About Your Surgery (before, during, after)

Cataract Surgery: Not as Scary as You Think

According to the American Society of Cataract and Refractive Surgery (ASCRS), 3 million Americans undergo cataract surgery each year, with an overall success rate of 98 percent or higher.

Today, most cataract surgery is done on an out-patient basis, and the entire process usually takes no more than two hours from check-in to heading home! The procedure usually lasts less than fifteen minutes and is almost painless. In fact, most patients can stay awake during surgery.

Although every surgeon has preferred techniques, cataract surgeons generally follow the same steps:

Before Your Surgery

Your surgeon will measure the curve of your cornea and the size and shape of your eye. Your doctor may ask you to temporarily stop taking certain medications that increase the risk of bleeding during surgery. You will need to provide a list of current medications, as some medications may need to be discontinued for a few days prior to surgery.

During Your Surgery


At the surgery center, you will be given a mild sedative and transferred – once you’re sedated – into the operating room. The nurses and technicians will cleanse the area around your eye, and drops will be put into your eye to dilate the pupil. An anesthetic shot or numbing eye drops will be used to make sure you’ll be comfortable throughout the surgery.

Removing Your Old Lens

Once you are numb and all the equipment is in place, your doctor will make a tiny incision in your cornea (the clear outer covering of your eye) to allow insertion of the surgical tools. A probe is inserted into the incision and high-frequency sound waves are used to break your clouded lens apart into tiny fragments. As this is happening, the probe is suctioning the pieces from your eye.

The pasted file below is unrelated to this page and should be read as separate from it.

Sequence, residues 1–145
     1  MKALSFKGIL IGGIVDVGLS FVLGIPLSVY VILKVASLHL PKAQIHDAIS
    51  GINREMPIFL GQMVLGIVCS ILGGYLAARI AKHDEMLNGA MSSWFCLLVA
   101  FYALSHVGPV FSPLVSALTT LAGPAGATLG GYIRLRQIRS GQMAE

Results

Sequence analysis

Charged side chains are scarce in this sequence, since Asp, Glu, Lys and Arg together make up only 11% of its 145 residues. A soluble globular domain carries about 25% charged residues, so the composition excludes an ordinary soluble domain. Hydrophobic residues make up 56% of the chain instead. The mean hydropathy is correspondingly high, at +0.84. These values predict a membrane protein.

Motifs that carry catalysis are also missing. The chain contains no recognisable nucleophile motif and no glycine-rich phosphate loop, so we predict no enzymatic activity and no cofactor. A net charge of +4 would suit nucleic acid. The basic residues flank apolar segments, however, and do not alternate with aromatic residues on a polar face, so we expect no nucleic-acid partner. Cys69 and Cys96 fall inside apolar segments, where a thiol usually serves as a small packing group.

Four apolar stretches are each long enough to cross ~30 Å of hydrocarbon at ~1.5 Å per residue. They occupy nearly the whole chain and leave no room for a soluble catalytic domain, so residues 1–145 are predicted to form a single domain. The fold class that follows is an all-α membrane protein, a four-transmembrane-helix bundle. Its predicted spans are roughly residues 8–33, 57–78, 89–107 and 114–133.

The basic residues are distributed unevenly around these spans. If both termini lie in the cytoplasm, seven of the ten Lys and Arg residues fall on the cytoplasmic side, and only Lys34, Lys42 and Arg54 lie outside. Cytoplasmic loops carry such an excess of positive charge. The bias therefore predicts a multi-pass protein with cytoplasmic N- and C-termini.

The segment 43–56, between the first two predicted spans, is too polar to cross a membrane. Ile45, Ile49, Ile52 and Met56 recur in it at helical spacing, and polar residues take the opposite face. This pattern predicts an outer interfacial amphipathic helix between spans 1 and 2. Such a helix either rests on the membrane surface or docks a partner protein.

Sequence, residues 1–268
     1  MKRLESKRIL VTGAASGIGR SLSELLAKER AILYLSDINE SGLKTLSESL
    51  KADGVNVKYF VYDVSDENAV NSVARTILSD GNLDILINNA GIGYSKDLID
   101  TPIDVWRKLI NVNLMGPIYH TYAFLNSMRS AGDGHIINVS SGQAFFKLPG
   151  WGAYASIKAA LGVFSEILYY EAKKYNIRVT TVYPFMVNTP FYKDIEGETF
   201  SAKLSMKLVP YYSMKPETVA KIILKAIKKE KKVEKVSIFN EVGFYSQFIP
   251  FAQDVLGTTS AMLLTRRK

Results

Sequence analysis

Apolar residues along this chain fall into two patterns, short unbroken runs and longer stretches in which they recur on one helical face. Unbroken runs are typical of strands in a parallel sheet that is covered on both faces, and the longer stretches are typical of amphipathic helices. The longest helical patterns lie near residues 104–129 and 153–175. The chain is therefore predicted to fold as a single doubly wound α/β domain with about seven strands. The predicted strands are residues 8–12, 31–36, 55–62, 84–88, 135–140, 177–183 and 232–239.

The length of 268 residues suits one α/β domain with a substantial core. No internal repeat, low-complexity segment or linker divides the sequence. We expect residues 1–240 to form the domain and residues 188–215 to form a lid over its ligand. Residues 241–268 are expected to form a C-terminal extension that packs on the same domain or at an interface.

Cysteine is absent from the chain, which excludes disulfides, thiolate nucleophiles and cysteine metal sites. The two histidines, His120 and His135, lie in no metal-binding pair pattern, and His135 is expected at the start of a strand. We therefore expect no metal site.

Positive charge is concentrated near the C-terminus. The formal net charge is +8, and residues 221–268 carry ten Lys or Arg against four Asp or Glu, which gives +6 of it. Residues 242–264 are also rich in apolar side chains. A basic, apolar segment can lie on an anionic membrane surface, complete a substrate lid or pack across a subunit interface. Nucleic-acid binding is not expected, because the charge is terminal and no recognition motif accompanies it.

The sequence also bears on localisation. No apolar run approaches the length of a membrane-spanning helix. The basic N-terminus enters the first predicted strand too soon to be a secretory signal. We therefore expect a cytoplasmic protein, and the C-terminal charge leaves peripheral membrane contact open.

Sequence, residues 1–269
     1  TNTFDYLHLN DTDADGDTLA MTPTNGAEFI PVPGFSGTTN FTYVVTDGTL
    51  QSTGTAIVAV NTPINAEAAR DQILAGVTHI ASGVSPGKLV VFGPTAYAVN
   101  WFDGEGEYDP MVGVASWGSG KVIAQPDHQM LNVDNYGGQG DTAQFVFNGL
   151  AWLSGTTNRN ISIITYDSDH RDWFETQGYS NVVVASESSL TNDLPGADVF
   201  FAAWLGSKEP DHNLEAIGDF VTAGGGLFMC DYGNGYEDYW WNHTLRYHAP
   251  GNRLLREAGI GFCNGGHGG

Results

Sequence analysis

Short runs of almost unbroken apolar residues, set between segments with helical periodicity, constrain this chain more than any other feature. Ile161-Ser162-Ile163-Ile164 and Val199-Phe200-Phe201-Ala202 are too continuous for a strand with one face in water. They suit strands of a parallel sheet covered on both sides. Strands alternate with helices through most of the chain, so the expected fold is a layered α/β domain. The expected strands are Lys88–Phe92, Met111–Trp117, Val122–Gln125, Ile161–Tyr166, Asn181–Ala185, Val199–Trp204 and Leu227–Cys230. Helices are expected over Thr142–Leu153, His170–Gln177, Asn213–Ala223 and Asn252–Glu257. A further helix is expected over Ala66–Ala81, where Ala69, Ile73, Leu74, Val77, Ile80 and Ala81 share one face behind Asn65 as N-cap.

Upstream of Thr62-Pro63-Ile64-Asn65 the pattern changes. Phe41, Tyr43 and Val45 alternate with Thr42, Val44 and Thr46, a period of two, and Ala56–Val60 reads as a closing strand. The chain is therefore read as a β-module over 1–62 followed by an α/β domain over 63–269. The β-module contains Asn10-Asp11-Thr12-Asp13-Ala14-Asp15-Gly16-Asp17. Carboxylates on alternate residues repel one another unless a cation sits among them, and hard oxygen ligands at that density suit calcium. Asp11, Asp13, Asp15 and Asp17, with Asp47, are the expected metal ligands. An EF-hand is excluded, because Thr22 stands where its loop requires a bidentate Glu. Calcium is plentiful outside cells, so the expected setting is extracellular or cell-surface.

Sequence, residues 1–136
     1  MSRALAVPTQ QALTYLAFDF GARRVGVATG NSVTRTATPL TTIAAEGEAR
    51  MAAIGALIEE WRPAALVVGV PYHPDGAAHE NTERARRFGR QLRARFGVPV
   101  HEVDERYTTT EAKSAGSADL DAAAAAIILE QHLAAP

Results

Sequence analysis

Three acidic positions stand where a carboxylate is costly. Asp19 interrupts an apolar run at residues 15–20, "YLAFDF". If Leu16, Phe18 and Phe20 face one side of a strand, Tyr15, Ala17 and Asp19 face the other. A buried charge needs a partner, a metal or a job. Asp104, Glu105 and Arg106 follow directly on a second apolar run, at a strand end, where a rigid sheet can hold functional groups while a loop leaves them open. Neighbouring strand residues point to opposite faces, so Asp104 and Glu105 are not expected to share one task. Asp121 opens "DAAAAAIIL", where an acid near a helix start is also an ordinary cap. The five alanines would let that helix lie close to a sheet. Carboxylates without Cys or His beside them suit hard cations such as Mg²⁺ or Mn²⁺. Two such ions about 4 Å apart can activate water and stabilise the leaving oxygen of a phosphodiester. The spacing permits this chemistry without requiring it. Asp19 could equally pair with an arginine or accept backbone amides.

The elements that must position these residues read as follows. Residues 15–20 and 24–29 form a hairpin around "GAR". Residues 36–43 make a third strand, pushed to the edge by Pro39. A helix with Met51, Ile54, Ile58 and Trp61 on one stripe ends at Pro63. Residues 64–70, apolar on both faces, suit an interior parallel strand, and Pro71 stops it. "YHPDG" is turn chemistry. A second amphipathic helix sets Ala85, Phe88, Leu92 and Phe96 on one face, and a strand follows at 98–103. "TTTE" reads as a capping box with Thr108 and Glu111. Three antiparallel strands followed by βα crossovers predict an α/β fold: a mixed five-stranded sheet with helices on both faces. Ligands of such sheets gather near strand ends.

Inserting Your New Lens

Using the same tiny incision, an injector tool is inserted into the eye. Using this tool, your surgeon places the IOL into the capsule of the eye to replace the lens that was removed. The new lens unfolds into place and is secured. Your surgeon may make some slight adjustments to align the IOL based on the measurements the taken before surgery.

After Your Surgery


After the IOL is inserted, you’ll be moved into the recovery room to rest for a while. A patch may be placed over your eye. Your medical team will watch for any problems. Most people can go home after 30 minutes of recovery.  Be sure a family member or loved one is available to drive you home and keep an eye on you. Then take it easy for the next day or two!

Post-Surgery Care

While your eye heals, you should avoid exercising, bending, or lifting anything over 25 pounds. You shouldn’t take a shower or get water in your eyes, because it may cause infection. Also avoid any activities that might throw dust into your eyes. While most post-op treatment programs include using eye drops for 1-2 months, your doctor may have different instructions depending on your surgery.

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